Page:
Continuing his fast action upon assuming the Acting Chairmanship, last Friday FCC Chairman Ajit Pai put to rest one of the oddest and most curious theories of the old Commission: the idea that giving something to consumers for free is somehow anti-competitive.
More specifically, Pai ordered the end of the FCC’s investigation into “zero-rated” programs. He took this step as part of a broader push against “midnight regulations” adopted by the Wheeler FCC at the end of the Obama Administration, but the implications are far broader: from now on, the FCC appears determined to use common sense and real-world experience to drive policy results.
Wheeler’s FCC launched an investigation to determine whether programs such as Verizon’s FreeBee Data 360, AT&T’s “sponsored data” program, and T-Mobile’s BingeOn violated the FCC’s “net neutrality” order. Bureau staff recently claimed that Verizon’s and AT&T’s programs did, while T-Mobile’s did not.
The investigation and findings made little sense. Why, after all, is getting something for free bad for consumers? As Pai’s own statement noted, these programs are popular with consumers, and particularly among lower-income consumers. Surely both content providers and the FCC can agree that making more content available to more consumers for lower cost is a good idea. And when one company starts this type of program that proves popular with consumers, the others follow quickly. That’s called competition.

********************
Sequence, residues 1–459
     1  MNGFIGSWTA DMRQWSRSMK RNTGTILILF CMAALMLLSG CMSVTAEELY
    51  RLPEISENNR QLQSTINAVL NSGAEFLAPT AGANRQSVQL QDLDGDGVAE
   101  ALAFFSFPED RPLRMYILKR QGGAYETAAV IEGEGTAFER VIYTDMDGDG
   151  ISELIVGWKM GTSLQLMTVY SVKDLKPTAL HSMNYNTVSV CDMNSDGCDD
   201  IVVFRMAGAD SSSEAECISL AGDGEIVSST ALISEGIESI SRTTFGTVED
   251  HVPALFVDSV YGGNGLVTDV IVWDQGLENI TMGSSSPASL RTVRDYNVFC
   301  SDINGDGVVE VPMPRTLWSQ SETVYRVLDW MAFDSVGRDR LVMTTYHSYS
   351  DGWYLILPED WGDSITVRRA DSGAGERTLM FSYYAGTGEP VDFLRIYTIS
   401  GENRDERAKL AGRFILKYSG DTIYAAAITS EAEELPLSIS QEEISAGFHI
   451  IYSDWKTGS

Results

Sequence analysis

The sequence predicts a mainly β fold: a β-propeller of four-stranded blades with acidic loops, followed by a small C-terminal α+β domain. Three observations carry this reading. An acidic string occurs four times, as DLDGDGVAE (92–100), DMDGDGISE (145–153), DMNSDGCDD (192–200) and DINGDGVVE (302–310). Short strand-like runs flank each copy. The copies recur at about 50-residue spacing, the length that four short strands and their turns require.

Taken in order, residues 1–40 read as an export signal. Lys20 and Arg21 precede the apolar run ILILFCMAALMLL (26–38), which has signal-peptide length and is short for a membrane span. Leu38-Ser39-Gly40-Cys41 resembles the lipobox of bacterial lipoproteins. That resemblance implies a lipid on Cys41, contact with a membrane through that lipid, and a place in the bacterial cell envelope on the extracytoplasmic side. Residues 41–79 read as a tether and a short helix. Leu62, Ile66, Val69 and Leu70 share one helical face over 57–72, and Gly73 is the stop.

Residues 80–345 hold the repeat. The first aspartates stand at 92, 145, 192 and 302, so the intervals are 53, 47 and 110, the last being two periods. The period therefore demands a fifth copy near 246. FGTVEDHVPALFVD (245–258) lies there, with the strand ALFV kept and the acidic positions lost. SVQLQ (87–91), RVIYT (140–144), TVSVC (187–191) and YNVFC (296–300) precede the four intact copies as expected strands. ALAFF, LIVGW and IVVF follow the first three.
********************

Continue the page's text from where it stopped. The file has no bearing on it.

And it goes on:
So what will the FCC do now that it is no longer investigating sponsored data programs? That’s easy: it’s going back to first principles and working to speed broadband deployment to everyone, in all income brackets, across America. As Pai said, instead of trying to deny Americans free data, “we will concentrate on expanding broadband deployment and encouraging innovative service offerings.” Of course, “free” is itself an innovative service offering, as many telecom experts noted at the time the FCC started the investigation.
But before leaving consideration of this issue, it’s also worthwhile to understand another reason why Pai is taking action so quickly: his views on the nature of regulation itself. In another statement, Pai wrote that “[i]n the waning days of the last Administration, the Federal Communications Commission’s Bureaus and Offices released a series of controversial orders and reports. In some cases, Commissioners were given no advance notice whatsoever of these midnight regulations. In other cases, they were issued over the objection of two of the four Commissioners. And in all cases, their release ran contrary to the wishes expressed by the leadership of our congressional oversight committees. These last-minute actions, which did not enjoy the support of the majority of Commissioners at the time they were taken, should not bind us going forward. Accordingly, they are being revoked.”
So — good news for consumers, good news for competition, and good news for content providers. And more evidence of a very strong start by Chairman Pai.